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Chronic-fatigue media coverage Dos and Don’ts

pkamens Icon Posted by Paula Kamen

April 22nd, 2006

Of all the women’s health issues that get belittled and distorted in their coverage, perhaps none is subjected to more egregious treatment than chronic fatigue syndrome. (Hopefully, that will change, with new research emerging that finds it as bascially rooted in neurology and genetics.)

But meanwhile, here are two classic textbook cases of (with apologies to Glamour Magazine) do’s and don’ts…..

#1: PSYCHOLOGY TODAY: A DON’T

Those with pain and fatigue fight a constant uphill battle against the media that reinforces myths and double standards of these problems as purely psychosomatic in nature, and not at all physiological.

Many of these stories are a part of a bigger (and often sensationalistic and marketable) American narrative or master-story that “mind over matter” is the answer to all disease. If you work hard enough, you will be “cured” of whatever ails you. While I’m not against stress-reduction, it’s often a one-fits-all cure-all to any “invisible” medical problem.

Even worse, these articles often use pseudo-science to back up their points, even in somewhat “serious” magazines. A problem is that articles constantly overstate the power of the mind/body connection, especially with “invisible” illnesses like chronic pain and fatigue, putting an unrealistic amount of responsibility on the patient herself to not stay sick, or get that way in the first place. The result is continuing isolation, guilt and shame of these patients. And even worse, putting all the blame on the individual, these stories discourage wider research into chronic fatigue and pain, which is sorely lacking.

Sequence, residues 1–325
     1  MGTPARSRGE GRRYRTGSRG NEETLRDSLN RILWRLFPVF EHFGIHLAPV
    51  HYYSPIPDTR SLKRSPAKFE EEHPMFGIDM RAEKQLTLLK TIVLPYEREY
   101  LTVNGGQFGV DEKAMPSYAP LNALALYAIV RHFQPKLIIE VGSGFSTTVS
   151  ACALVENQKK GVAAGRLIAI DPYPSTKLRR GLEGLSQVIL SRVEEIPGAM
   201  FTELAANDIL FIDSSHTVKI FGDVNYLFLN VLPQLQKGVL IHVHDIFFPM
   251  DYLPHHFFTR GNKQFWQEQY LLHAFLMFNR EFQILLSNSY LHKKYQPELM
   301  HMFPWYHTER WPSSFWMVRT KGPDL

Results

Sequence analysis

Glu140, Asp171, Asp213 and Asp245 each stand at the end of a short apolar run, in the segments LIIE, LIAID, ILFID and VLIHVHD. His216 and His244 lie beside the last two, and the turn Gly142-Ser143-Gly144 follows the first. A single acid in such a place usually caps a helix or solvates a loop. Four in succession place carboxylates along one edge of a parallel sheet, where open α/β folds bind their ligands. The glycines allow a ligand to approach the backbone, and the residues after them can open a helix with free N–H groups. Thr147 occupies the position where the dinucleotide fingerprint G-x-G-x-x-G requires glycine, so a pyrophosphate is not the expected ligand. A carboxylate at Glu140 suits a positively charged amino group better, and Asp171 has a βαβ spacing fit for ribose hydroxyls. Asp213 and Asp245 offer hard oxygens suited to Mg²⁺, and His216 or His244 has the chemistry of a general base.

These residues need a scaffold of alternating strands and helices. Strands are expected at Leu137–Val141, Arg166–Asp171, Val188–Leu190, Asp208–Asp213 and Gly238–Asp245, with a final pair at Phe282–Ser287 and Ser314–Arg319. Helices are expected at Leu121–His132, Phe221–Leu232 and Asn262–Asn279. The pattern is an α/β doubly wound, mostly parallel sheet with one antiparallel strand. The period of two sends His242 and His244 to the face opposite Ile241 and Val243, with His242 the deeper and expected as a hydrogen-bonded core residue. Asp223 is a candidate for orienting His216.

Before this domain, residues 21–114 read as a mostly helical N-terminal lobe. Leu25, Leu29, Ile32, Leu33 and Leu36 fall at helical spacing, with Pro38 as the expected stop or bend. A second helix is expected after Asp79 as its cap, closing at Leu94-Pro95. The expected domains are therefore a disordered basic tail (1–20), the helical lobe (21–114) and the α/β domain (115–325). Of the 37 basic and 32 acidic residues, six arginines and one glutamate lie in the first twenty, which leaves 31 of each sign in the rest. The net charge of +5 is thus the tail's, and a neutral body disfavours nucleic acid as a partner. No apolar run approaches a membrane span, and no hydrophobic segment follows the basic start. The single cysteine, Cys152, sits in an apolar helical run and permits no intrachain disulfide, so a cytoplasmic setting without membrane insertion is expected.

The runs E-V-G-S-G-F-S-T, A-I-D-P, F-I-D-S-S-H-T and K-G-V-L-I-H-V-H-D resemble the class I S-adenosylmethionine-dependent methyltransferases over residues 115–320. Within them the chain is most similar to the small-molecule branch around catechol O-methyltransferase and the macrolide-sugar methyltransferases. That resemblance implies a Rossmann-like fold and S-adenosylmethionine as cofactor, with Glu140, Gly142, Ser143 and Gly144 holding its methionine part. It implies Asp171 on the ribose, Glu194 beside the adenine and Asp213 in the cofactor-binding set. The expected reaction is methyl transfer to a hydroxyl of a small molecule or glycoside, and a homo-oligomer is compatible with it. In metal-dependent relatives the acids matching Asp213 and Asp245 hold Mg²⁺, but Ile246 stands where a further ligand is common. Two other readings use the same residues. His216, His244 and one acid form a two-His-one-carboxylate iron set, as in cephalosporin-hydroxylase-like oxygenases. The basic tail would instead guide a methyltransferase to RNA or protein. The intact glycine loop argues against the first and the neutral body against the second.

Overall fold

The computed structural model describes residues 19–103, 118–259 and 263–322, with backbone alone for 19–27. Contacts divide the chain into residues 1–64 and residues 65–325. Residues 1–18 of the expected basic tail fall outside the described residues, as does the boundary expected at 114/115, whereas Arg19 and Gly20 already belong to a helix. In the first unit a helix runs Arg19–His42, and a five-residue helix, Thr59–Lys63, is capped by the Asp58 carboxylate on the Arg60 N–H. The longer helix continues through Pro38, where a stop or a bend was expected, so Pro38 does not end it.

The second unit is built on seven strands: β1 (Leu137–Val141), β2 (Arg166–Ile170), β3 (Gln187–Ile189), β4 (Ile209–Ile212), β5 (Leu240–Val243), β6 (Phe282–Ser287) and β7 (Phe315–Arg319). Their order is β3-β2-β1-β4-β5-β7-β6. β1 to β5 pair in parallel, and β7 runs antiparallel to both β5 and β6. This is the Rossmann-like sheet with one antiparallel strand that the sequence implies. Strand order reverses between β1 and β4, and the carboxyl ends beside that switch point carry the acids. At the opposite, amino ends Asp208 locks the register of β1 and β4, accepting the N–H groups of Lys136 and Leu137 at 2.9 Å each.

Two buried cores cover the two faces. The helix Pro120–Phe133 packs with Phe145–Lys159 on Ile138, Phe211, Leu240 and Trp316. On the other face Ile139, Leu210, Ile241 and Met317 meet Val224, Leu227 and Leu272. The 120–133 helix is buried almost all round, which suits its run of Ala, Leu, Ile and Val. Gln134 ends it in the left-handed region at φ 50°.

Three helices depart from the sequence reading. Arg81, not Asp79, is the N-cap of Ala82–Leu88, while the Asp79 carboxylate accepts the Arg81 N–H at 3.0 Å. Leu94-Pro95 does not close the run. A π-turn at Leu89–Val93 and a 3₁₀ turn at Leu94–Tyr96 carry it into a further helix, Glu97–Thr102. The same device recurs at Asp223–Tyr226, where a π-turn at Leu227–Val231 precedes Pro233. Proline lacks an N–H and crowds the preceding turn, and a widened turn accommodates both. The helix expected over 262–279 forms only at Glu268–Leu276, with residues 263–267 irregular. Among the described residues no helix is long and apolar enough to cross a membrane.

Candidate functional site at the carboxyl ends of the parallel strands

A prime offending and inflammatory example of the past year — a throwback to the most pernicious and antiquated Freudian myths of the Victorian era — was an article in the May/June 2005 issue of Psychology Today, “Is it All in My Head?” The summary at the beginning states:

With diseases like chronic fatigue syndrome and fibromyalgia, what you believe about your illness influences how sick you become.

It’s true that ALL diseases can be aggravated by stress and negative beliefs, but that is no reason to single out these two (which are mostly experienced by women) as special. Also, ALL diseases are likely to have an onset after a stressful life event, when the body’s immune system is lowered.

The article ignores ample peer-supported journal research proving chronic fatigue and fibromyalgia as based in physiology. Instead, it mainly focuses on the opinion of one researcher, Wayne Katon, who basically blames the patient for these illnesses, explaining that “in our modern society, for people who have driven themselves, fatigue becomes a palatable way out of a difficult existence.”

In the beginning, the article, by Melissa Schorr, seems to be sympathetic to chronic-fatigue patients, namely the first one she profiles, Carole Howard, a former high-powered and hard-driving (and therefore self-defeating) college administrator. But then it quickly zeroes in on her past as a high achiever and “the self-imposed stress of her ambitious lifestyle” as the culprit, in “kick starting and perpetuating illness.” In other words, ambitious women get themselves sick.

In another typical oversimplyifing move, the article draws the wrong conclusions from some real and valid studies that people with chronic fatigue and fibromyalgia are more likely to have experienced stressful events in their life than others in the population. This serves to blame stress as directly causing these physical problems (not acting as a trigger, which is the more nuanced reality).